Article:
Angie Harmon, Sasha Alexander
TNT has renewed its summer series Rizzoli & Isles, Major Crimes and Perception, the network announced Thursday. The shows join Falling Skies, which was also recently picked up for a fourth season.
Americans like their privacy.
Yes, here we go again with another episode of Major Crimes that was written and produced before a big news story took over the front pages and, once again, I remind our viewers that the show is not about politics. I don't know whether having informers and wires and cameras everywhere is a good or a bad idea, though I will express some pity for those tasked with analyzing American e-mails: after reading the first one hundred explanations of why spouses cheat on each other, I am pretty sure you have read them all. Even sex in the Twitterverse - lit up by pictures of politicians in various states of undress — begins to seem banal after so much...overexposure. Personally, I think a nonporous wall between our public and personal lives is a good idea, and that protections afforded our privacy by the Constitution are central to American liberty. But we live in a complicated age...
Doris Roberts and G.W. Bailey
My first order of business in previewing the next episode of Major Crimes is to thank Tim Conway, Paul Dooley, Ron Glass, Doris Roberts and Marion Ross for lifting this entry of our series onto the list of our most memorable. Our entire cast of regulars was thrilled to host these legends from, respectively, McHale's Navy and The Carol Burnett Show, Breaking Away and Grace Under Fire, Barney Miller and Firefly, Remington Steele and Everybody Loves Raymond, and Happy Days and Brooklyn Bridge. Also appearing, the dynamic Paul McCrane (of E.R. fame), as an ICE agent with a curious (one might even say horrifying) hobby.
Now to write just a few words about our story, which revolves around an all-too-familiar aspect of an individual's identity. To state the obvious (I am a television writer, after all!), people change...
Kearran Giovanni, G.W. Bailey
When we began breaking stories around the theme of identity this season, no one ever thought we would be plumbing such dark and disturbing places inside the collective unconscious. Yet our next episode of MAJOR CRIMES dives further into the bottomless waters of the human psyche than we have ever gone before, sinking quickly past the (relatively) more common sins of murder, racial prejudice ...
Graham Patrick Martin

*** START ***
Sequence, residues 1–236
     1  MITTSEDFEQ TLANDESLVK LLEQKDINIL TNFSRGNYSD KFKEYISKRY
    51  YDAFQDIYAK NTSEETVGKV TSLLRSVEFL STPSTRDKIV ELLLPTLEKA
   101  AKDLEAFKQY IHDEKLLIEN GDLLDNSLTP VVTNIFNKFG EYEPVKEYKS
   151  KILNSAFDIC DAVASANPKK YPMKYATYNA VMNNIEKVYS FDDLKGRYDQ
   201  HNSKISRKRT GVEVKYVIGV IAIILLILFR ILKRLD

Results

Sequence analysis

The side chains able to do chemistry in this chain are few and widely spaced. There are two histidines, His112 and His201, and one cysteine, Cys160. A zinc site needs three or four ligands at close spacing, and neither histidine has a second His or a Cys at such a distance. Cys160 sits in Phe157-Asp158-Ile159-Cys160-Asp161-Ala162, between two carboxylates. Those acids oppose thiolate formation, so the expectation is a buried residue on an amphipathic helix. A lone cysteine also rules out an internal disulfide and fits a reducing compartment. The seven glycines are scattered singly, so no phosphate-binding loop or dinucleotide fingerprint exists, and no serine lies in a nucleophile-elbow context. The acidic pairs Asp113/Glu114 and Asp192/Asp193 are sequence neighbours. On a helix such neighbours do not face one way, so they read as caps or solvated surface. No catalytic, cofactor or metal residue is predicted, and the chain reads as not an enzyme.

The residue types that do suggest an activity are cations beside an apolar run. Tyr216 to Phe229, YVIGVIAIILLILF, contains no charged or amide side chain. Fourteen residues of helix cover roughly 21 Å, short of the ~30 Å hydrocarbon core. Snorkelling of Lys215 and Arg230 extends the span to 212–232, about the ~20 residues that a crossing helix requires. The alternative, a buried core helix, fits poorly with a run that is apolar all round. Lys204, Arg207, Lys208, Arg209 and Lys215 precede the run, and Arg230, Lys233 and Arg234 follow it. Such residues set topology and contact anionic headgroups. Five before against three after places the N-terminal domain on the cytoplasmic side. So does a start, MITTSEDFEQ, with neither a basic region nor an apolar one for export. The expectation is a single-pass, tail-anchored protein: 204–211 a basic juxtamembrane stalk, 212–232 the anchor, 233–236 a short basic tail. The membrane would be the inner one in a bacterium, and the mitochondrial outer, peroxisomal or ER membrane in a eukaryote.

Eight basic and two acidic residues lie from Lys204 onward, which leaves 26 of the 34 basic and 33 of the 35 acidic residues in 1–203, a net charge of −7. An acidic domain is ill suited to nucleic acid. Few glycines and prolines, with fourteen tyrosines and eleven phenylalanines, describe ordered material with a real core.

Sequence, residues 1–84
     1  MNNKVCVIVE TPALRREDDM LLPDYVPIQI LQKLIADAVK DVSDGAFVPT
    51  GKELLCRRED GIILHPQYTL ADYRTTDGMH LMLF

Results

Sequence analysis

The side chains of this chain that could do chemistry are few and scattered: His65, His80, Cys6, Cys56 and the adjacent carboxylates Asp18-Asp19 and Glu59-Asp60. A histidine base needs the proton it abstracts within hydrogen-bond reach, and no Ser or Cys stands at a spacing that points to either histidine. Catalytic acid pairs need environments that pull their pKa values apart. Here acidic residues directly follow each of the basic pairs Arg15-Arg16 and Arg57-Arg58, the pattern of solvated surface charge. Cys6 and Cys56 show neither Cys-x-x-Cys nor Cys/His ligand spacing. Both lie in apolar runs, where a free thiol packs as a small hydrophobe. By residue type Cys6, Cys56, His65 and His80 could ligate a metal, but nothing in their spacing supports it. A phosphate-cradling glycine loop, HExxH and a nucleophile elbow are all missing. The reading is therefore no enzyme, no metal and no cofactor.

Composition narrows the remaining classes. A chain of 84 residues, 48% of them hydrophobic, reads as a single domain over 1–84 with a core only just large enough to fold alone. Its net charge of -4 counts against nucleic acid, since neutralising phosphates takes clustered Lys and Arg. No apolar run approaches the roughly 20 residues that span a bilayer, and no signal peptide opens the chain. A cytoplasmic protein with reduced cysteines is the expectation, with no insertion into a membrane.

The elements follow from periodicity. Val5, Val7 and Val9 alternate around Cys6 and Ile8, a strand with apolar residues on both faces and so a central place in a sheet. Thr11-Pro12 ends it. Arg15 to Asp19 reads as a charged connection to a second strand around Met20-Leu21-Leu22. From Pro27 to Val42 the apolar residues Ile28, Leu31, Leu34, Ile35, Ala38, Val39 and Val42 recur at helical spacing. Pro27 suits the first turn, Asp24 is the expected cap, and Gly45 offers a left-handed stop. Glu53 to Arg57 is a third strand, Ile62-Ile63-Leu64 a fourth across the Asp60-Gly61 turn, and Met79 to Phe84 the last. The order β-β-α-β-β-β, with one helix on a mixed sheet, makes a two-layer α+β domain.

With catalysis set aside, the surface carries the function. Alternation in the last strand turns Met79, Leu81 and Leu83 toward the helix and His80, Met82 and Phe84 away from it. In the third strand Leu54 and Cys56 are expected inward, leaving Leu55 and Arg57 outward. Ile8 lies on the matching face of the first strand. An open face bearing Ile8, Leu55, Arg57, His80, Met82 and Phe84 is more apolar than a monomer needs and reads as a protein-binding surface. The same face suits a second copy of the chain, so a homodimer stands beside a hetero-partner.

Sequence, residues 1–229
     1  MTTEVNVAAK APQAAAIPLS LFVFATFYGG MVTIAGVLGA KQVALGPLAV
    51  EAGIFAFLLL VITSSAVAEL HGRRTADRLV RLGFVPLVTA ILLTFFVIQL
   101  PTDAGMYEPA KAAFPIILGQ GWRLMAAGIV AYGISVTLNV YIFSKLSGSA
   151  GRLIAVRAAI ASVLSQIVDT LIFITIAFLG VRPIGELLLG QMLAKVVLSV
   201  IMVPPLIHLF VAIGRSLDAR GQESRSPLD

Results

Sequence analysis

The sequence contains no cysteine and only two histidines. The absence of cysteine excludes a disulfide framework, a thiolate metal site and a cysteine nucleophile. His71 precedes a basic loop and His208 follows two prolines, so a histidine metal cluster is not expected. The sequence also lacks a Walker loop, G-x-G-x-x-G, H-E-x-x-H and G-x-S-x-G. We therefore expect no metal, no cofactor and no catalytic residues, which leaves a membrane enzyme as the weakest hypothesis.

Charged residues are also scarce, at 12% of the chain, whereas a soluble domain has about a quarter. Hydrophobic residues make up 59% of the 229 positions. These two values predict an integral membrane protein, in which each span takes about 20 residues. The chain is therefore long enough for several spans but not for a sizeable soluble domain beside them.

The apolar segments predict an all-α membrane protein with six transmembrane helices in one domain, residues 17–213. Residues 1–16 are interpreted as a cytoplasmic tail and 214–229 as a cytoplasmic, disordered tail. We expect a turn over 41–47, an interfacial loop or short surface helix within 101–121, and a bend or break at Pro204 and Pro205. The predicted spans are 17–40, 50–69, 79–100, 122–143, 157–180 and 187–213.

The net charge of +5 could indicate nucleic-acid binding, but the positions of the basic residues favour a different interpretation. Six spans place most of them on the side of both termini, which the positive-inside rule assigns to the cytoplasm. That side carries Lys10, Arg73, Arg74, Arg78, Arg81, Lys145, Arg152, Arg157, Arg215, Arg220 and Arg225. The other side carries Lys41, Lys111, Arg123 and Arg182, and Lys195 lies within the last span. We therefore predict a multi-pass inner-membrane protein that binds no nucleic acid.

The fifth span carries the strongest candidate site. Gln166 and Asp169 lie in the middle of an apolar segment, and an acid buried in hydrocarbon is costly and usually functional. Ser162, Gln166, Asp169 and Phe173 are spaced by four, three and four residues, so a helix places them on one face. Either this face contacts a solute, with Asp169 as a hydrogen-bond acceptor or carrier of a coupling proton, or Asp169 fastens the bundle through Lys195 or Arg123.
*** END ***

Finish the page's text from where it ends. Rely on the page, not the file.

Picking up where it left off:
Some very vocal Major Crimes fans have taken to social media to express their dislike for Rusty (Graham Patrick Martin), the troubled foster son of Capt. Sharon Raydor (Mary McDonnell). As on-screen threats against the teen murder witness intensify, could Rusty's days come to an end on the TNT drama's August 19 summer finale?
In the seventh episode of our summer long examination of identity, we actively consider that oldest of old saws, "Don't judge a book by it's cover." We are usually taught this elemental lesson in judgment when we're very young, and (for many) it begins the effort to hone the native suspicion of human nature. There are too many examples of how people have been led astray by appearances to repeat them here, but one should not have to go back very far in American history to locate tragic mistakes that occur when people form false impressions based entirely on semblance. But Major Crimes is only an hour drama on television, and not a civics lesson; many of the questions we ask have no answers...
D.W. Moffett, Lea Thompson
It's not a wonderful alt-life on ABC Family's Switched at Birth (Monday, 8/7c), as this endearing family drama imagines a "what if" scenario that hinges on Regina having gone public about the switch after she discovered it when the girls were but 3 years old. (The fact that she kept it a secret until their adolescence was the crux of an argument last week between her and John Kennish that ended with him collapsing from what appeared to be a heart attack.)
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Question: I, like many others, read the novel Under the Dome and was sorely disappointed with the ending. I read an article about changes that are coming to the TV version. I was glad about that and am now going to give it a try. But I also read that it may become a series instead of a 13-episode miniseries. Is that true? I'd much rather this be a miniseries as opposed to a series lasting multiple seasons. The story doesn't really lend itself well to playing out over several years. Do you know if it will continue past 13 episodes? — Beth
It's a bird. It's a plane. Duck and cover! What goes up must come down in a small town trapped — wait for it — Under the Dome, the title of an ingeniously warped conceit from the fertile mind of Stephen King, who believes that ...
There's a new face in the squad room this season on Major Crimes.
Former My Name Is Earl star Nadine Velazquez joins the cast of the TNT drama Monday (9/8c, TNT) as Deputy District Attorney Emma Rios, a bright and ambitious young prosecutor who's been assigned to work with the Major Crimes Unit. Unfortunately, Capt. Raydor (Mary McDonnell) & Co. don't exactly extend the warmest welcome.
Summer TV: Get scoop on your favorite returning shows
"They're not gentle and they're not holding my hand in any way," Velazquez tells TVGuide.com of her character's interaction with her new colleagues....